Most of all will the changes help the team move forward. I sure hope they do, I am tired of seeing nearly the same results year after year. I'm not getting any younger as the years roll past.

Peter King Predicts Miami Dolphins To Go 6-10

I am a big fan of Peter King and his "Monday Morning Quarterback" segment, but I think that he is way off on this one. Not only did he predict the Miami Dolphins to go 6-10 this year in his NFL preview for Sports Illustrated, he also predicted them to be last in the AFC East behind the Pats, Jets, and the Bills.

Really? The Bills? I know that a lot of people don't expect Miami to be great this season, but does he honestly think that they will be worse than Buffalo? I'm assuming that he hasn't watched any of the Dolphins preseason games, because Henne has looked really good.

What I like the least is that he is basing his argument on the fact that Reggie Bush hasn't been a great regular starter. He doesn't even talk about Daniel Thomas. I know that Thomas isn't considered the starter, but it isn't like Bush will be taking every hand-off up the middle. Thomas will be getting a lot of those, and Bush will be used a lot more to just catch the ball.

He only briefly mentions Chad Henne, and nowhere in there does he mention how good he has looked this year. It annoys me that when Henne finally does start doing well he doesn't get credit for it.

Oh well, the Dolphins will just have to shock the common fan when they beat the Patriots a week from today.

Thanks for reading, and let me know what you think.

Analyzing the Final Miami Dolphin Roster

Analyzing the Miami Dolphins cut-down to 53 is an excellent indicator where the team is headed in 2011. This analysis will breakdown the offense, where most of the changes in Miami have occurred. A later post will be dedicated to the defense…

Brian Daboll will be given the opportunity to show what his offense can do and the ball is going to be in the air a lot in 2011. Keeping only two TEs and cutting Larry Johnson was telling, but showing Lousaka Polite the door proved, Miami is not looking back. Only Bush, Thomas and Hilliard remain at the running back position, with Charles Clay as a hybrid FB-HB-TE.

Tony Sparano may have feared he would revert back to his conservative ways had he kept more RBs and TEs around. He chose to cut ties with his old conservative style and proved it with the players and positions remaining on the Dolphin roster. The Dolphins no longer have a true FB and are only suiting to start one TE, Anthony Fasano, with Jeron Mastrud as a reserve. By keeping 6 WRs the Dolphin offense has now joined the modern NFL.

A closer look at the OL would also indicate the direction the Dolphins have chosen. Long, Incognito, Pouncey, Carey and Columbo are not a great combination of run blockers but as pass blockers they may surprise people. The only lineman capable of pulling on this team is Mike Pouncey, but pulling guards are passé in the NFL. The reason is, the passing game requires linemen that work better while backing up and the traditional running game requires blockers that fire off.

To facilitate the running game with back-peddling pass blockers, teams like Denver began what is now called zone blocking. Zone blocking is based on sealing off areas and allowing over-pursuit to create cutback lanes. To a traditional coach it is almost blasphemy because defensive players are intentionally left unblocked. It is difficult for a defensive coordinator tell his players to maintain lanes and stay disciplined in one sentence, and to fly to the football in the next. The zone scheme uses the natural tendencies of the defense to create running lanes without pulls or traps.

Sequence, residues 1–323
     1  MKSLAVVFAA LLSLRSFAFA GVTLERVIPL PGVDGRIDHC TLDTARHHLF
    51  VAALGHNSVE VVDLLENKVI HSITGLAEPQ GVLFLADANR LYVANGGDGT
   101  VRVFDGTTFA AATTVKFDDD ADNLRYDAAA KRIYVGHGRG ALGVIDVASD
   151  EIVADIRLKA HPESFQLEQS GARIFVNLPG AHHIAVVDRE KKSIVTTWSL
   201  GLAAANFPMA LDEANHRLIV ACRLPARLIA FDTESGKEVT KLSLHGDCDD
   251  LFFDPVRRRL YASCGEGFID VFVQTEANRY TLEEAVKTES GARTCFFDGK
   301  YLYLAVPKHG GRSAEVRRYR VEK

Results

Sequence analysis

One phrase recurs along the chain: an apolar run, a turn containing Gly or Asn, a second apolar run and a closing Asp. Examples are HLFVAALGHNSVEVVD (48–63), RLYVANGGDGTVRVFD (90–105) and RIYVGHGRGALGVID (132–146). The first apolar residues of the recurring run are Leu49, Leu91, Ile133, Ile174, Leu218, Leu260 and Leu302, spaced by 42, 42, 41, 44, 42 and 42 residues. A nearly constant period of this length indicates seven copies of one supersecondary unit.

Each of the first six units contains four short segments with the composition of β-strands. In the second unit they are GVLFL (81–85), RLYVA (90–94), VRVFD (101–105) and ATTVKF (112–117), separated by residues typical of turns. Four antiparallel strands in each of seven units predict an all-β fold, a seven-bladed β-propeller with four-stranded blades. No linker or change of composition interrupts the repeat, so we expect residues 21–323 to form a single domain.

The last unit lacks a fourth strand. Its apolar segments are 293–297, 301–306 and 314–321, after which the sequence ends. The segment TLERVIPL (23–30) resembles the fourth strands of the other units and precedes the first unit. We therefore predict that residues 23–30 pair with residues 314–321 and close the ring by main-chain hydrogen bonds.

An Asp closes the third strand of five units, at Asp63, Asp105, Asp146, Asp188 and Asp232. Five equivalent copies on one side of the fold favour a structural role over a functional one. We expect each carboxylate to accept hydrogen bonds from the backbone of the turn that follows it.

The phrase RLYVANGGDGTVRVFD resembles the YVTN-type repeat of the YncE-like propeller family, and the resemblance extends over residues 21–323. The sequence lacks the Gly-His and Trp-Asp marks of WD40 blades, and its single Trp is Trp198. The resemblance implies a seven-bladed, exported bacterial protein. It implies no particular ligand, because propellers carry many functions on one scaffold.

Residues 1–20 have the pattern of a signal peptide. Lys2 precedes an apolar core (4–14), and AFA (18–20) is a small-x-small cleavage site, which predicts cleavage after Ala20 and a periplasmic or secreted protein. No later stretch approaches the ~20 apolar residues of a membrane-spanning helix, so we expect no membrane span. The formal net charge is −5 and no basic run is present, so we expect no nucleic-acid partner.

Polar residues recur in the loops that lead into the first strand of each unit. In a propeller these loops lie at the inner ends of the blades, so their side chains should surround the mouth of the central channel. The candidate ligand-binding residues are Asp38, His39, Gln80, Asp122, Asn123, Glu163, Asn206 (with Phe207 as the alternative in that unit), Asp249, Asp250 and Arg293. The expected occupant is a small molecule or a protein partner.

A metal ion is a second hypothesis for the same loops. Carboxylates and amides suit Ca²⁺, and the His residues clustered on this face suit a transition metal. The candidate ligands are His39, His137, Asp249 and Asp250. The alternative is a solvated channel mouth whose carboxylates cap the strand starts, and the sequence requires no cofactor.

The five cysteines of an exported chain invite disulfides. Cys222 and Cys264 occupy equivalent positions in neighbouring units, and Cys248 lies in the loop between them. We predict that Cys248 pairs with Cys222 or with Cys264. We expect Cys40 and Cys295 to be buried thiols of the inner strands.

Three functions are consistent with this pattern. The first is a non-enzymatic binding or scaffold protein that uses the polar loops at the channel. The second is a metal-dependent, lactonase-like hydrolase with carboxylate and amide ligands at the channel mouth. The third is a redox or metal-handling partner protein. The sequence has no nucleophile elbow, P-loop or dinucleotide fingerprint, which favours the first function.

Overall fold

The Dolphins will be a passing team. The personnel dictates more 3, 4 and 5 receiver sets with one back and a TE on a wing as an H-back. A lot will be asked of Chad Henne who, after three years in a super conservative offense, will be told to let it fly. Speculation had the Dolphins pursuing every available QB during the off-season, only to see them keep two on the final roster. Pat Devlin will probably remain on the practice squad.

All of the players drafted by the Dolphins made the squad this year and John Jerry managed to hold on even after a disappointing pre-season. The Dolphins kept 3 tackles, 4 guards, with Joe Berger backing up Mike Pouncey at center. Lydon Murtha was placed on injured reserve with a torn toe ligament. Murtha showed the most upside of any backup, but he is gone for the season. Ray Feinga and Nate Garner are the remaining backup linemen.

Roberto Wallace and Marlon Moore made the squad, both showing flashes of becoming starting NFL WRs. Philip Livas became a casualty of the new NFL kickoff rules which will lead to fewer kick returns and has devalued the need for a kick returner. There are bound to be changes as the personnel department looks at the players cut by other teams or poaches practice squads.

One thing for certain can be said about Tony Sparano, when he makes a decision and builds a plan around it, he does not go halfway. The Dolphins offensive squad is now built for the passing game and like going from a 3-4 to 4-3 defense, the personnel has changed with it. For the Dolphins there is no going back, the personnel are no longer here to revert to the running game.

Tony Sparano is all in with his knew look offense…

What say you Fin fans, are you all in???